This text is by Wihad Al-Tawil in her capacity and does not, necessarily, reflect the views of different infinite mile contributors, infinite mile co-founders, the authors' employers and/or other affiliations.
|"Primitivism" in 20th Century Art: Affinity of the Tribal and the Arrogant|
When asked to provide an article about art and race for infinite mile, the topic seemed very natural. As an art historian from a multicultural background, I have always approached the study of history with a critical eye. The particular topic of Primitivism, which was a 19th-20th century artistic movement developed by prominent European artists: Paul Gauguin, Pablo Picasso, and Henri Matisse, to name a few, was marked by European artists breaking away from traditional western artistic conventions in favor of the curving, geometric, and/or flattened forms attributed to some African, Oceanic and Native cultures. As a graduate student, the topic fascinated me. Heavily focused on the study of the art and visual culture(s) of Africa and diaspora, my graduate experience centered on the deconstruction of traditional notions developed during periods marked by racism and colonialism. The Primitivism exhibit explored in this essay, for example, illustrates a contemporary manifestation of age-old perceptions of the African, afro-diasporic and indigenous domains.
The importance of the 1984 Primitivism exhibit at the MOMA is in the understanding of its conception: by establishing the geo-political histories in which racist ideologies were bred, we can go a step further from dispelling derogatory terms like “primitive” and dig into the analysis the actual exhibition and displays as expressions of such ingrained ideologies. Understanding the Primitivism exhibit: the proclaimed innocence of the directors, the lack of regard for the context of of non-western objects, and the compliance by the museum itself to host such an exhibit teach us tremendous lessons about how we treat art and race in the west. One such notion, which often prevails historical narratives, is the focus on art as being western, and furthermore, that non-western visual culture is meant to facilitate the understanding of western art.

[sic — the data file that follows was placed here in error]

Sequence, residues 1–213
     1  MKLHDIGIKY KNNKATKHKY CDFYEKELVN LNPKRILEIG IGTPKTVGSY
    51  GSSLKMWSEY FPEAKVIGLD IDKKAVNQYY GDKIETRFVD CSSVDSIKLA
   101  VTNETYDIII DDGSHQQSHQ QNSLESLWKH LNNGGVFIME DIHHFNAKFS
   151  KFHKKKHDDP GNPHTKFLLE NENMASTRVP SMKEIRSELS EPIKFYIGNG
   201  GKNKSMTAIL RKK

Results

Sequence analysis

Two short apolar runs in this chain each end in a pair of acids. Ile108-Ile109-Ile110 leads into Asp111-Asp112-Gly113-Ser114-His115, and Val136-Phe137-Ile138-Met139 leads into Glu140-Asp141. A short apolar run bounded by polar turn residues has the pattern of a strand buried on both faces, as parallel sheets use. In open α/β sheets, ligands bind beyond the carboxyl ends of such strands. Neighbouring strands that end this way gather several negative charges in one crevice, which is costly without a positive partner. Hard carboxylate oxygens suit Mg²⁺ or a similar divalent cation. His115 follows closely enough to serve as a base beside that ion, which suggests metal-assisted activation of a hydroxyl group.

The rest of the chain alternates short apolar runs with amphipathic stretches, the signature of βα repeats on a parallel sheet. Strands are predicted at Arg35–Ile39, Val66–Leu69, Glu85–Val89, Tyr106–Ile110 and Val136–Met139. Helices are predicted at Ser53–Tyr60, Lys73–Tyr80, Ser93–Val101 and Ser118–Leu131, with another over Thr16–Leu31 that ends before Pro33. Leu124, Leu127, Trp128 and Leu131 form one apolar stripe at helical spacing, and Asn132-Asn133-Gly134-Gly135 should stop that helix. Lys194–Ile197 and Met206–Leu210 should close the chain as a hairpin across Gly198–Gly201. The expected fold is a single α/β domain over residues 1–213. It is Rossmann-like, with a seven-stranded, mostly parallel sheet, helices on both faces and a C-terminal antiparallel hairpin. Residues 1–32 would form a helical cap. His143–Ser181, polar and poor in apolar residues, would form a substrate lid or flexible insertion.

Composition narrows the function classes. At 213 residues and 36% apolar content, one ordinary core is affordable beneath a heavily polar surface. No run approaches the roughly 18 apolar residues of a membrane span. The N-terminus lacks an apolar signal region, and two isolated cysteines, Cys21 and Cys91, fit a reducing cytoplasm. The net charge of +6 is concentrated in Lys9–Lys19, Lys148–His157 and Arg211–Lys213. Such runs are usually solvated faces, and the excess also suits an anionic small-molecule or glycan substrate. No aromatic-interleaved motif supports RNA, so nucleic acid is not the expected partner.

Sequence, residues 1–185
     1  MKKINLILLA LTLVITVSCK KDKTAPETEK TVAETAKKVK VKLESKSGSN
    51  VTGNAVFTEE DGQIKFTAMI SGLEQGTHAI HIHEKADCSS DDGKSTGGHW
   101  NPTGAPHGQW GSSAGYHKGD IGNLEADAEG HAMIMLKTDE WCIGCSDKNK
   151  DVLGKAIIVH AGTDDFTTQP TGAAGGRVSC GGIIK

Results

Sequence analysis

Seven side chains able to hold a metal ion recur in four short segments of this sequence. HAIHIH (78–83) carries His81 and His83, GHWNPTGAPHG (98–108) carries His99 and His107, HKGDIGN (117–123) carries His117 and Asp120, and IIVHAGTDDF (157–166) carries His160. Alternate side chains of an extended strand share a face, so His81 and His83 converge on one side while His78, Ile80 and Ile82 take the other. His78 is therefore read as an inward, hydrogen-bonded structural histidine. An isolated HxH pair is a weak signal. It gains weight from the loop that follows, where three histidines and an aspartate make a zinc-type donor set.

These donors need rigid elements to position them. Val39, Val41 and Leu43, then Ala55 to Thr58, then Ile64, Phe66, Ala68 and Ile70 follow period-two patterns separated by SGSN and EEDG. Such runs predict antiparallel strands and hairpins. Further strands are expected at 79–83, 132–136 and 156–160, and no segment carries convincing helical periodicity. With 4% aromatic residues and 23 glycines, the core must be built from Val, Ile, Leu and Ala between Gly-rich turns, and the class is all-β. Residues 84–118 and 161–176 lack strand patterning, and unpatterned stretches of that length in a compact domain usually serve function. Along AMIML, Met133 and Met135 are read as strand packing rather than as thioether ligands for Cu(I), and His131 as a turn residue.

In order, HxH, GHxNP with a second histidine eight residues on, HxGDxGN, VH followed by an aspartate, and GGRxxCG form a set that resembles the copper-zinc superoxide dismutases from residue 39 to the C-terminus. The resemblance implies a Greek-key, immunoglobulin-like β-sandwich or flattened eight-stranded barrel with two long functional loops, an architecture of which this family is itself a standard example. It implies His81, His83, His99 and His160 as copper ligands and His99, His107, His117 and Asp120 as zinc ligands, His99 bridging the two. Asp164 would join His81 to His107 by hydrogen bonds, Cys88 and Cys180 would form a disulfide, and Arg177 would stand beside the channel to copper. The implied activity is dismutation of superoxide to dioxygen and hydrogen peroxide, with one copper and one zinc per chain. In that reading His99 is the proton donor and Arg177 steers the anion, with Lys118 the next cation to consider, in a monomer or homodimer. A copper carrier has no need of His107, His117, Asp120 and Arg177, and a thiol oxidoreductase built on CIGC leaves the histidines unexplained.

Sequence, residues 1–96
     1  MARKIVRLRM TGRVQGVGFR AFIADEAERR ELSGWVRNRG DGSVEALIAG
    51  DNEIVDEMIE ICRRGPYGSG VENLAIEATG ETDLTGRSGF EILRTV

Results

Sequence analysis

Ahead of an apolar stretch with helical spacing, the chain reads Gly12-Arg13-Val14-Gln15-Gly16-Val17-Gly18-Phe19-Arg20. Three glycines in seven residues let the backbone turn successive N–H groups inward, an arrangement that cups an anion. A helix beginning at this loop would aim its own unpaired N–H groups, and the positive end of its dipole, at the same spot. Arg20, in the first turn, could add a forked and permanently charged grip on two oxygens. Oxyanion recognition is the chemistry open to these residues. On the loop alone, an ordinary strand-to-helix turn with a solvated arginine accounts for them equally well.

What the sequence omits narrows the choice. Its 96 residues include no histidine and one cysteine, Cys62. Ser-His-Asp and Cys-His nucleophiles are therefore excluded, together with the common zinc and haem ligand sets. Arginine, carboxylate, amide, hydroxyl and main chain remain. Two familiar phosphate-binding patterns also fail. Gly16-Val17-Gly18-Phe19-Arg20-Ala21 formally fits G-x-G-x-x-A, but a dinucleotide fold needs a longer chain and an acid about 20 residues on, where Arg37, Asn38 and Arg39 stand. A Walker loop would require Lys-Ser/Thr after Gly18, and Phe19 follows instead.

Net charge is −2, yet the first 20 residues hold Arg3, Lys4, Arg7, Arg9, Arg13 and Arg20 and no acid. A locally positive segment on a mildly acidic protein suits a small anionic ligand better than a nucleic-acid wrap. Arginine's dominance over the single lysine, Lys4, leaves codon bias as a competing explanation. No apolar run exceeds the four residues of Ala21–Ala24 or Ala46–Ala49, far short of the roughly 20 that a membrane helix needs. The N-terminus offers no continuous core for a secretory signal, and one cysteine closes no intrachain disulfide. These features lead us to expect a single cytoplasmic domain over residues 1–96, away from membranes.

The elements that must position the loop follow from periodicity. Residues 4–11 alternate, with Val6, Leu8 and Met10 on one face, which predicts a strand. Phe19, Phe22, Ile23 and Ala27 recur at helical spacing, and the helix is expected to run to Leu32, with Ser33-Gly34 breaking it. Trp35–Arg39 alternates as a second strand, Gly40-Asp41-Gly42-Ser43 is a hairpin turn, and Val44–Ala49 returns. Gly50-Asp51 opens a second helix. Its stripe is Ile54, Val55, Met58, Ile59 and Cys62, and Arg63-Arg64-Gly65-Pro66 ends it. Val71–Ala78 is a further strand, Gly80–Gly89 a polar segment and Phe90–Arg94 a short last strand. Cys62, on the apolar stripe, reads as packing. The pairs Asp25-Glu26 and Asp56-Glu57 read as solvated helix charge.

In 1984, William Rubin curated an exhibit entitled “’Primitivism’: Affinity of the Tribal and the Modern” at the Museum of Modern Art in New York City, which later traveled to Dallas and Detroit. The exhibit aimed to juxtapose “primitive arts” from the African, Oceanic and Native American Indian cultures with the arts of Modern Western artists such as Pablo Picasso and Paul Gauguin in order to express the supposed affinities that the latter group of works had for the former. The seemingly and admittedly innocent installation amassed major criticism from the public and art history world alike for, among other things, its utter disregard of the problem with the term “primitive”. In a sort of pre-emptive strike, Rubin’s addressed potential critiques of the dated terminology in the introduction of the lengthy, two-volume catalog for the exhibit. The vibrant, elaborate catalog featured essays discussing the Western, Modern artists and their works with various images of African, Oceanic and Native American objects placed strategically in order to suggest resemblance or “affinities”. His argument regarding the use of the word “primitive” recognized the sensitivity to the issue, though Rubin’s fundamental defense was that the word simply referred to a stylistic, Western moment in art history which actually exalted the “tribal” rather than demeaned it (Rubin, 5). In fact, the curator’s vision was that the exhibit should do nothing more than display the splendor and beauties of both categories of art—both the Modern and the tribal (Rubin, 1-7). Rubin’s aim was to visually captivate the audience with striking “affinities”—by hanging the works of the Modern masterpieces alongside the works of the “primitive” objects, Rubin wished to illustrate a “common denominator” in the objects and paintings (Clifford, 193). By considering the artworks and catalog of the 1984 MOMA exhibit entitled “Primitivism” In the 20th Century: Affinity of the Tribal and the Modern, it remains clear that the exhibit failed as a substantiated lesson in art or history and instead effectively propagated an “us vs. them” mentality, which prevails art historical research. Through the use of carefully structured rhetoric juxtaposed with Western works of art, the exhibit produced an exoticized “other” in its tribal associations and, furthermore, extended a relationship of superiority between the “modern” West and elsewhere. The display of arbitrarily chosen “tribal” items against a backdrop of master Modern paintings proves that the idea of an exhibit as vague and oblivious as “Primitivism” had no intentions of educating and dispelling misconceptions of the Black and indigenous continents. In fact, the contrary occurred, in that the exhibit itself perpetuated outdated ideologies by reconstructing the imagined inferior world of “primitives” as a legitimate reality.